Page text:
• TABOO FOODS OF WORLD WAR II: HOW HORSES FOUND THEIR WAY FROM THE RANGE TO THE PLATE

    Author(s):
    Clelly Johnson
    Editor(s):
    Kreg Abshire (see profile)
    Date:
    2018
    Subject(s):
    American cultural studies, Animal studies, Food studies
    Item Type:
    Article
    Tag(s):
    horsemeat
    Permanent URL:
    http://dx.doi.org/10.17613/M69W08Z4P
    Abstract:
    In the 1930s and 40s, young American children flocked to the cinema to witness their idols thwart dastardly deeds, from halting train robbers to saving the ranch. These cowboys did not achieve their brave acts alone: some had sidekicks, but all had the aid of their trusty steeds. Silver, Trigger, Thunder and Buttermilk were the equine heroes whose names still reverberate in the American zeitgeist. However, when bombs began to fall over Europe, many Americans were forced to see horses in a new way – as dinner. Beef shortages due to rationing brought horsemeat to American tables. This new protein was controversial; many Americans objected to eating it, whether for religious reasons or because they felt distaste at the prospect of eating a cowboy’s companion.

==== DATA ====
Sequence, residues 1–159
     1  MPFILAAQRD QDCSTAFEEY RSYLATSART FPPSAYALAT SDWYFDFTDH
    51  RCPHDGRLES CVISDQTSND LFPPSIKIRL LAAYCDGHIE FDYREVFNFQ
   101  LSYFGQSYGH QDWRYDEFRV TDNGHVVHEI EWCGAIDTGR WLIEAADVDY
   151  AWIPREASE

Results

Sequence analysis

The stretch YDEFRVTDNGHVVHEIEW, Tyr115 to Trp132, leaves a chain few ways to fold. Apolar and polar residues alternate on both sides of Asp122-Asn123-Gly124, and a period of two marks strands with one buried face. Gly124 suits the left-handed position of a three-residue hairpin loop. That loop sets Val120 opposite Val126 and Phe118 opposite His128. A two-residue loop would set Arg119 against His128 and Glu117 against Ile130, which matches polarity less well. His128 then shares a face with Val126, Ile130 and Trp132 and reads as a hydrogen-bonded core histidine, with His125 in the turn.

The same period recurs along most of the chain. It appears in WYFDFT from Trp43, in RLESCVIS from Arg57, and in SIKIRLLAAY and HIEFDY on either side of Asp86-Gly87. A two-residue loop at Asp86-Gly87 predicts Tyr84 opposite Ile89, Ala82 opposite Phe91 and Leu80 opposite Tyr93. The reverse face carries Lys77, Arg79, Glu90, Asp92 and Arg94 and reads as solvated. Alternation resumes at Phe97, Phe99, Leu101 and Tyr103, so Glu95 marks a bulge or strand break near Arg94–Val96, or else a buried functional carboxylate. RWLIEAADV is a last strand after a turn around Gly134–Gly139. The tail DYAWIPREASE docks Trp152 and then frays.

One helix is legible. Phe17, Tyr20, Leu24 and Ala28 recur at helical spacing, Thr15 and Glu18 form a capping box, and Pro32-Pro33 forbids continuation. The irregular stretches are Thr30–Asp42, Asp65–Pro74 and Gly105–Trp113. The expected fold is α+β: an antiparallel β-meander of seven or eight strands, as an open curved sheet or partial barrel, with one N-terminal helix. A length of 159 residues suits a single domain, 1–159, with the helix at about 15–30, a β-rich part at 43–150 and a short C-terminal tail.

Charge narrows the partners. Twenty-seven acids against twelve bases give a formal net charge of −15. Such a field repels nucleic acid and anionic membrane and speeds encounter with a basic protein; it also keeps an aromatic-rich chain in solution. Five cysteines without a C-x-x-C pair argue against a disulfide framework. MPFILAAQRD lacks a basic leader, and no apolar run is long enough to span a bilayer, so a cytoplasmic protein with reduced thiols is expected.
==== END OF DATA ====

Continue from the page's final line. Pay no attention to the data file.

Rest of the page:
Metadata:
    Published as:
    Journal article    
    Status:
    Published
    Last Updated:
    11 months ago
    License:
    All Rights Reserved
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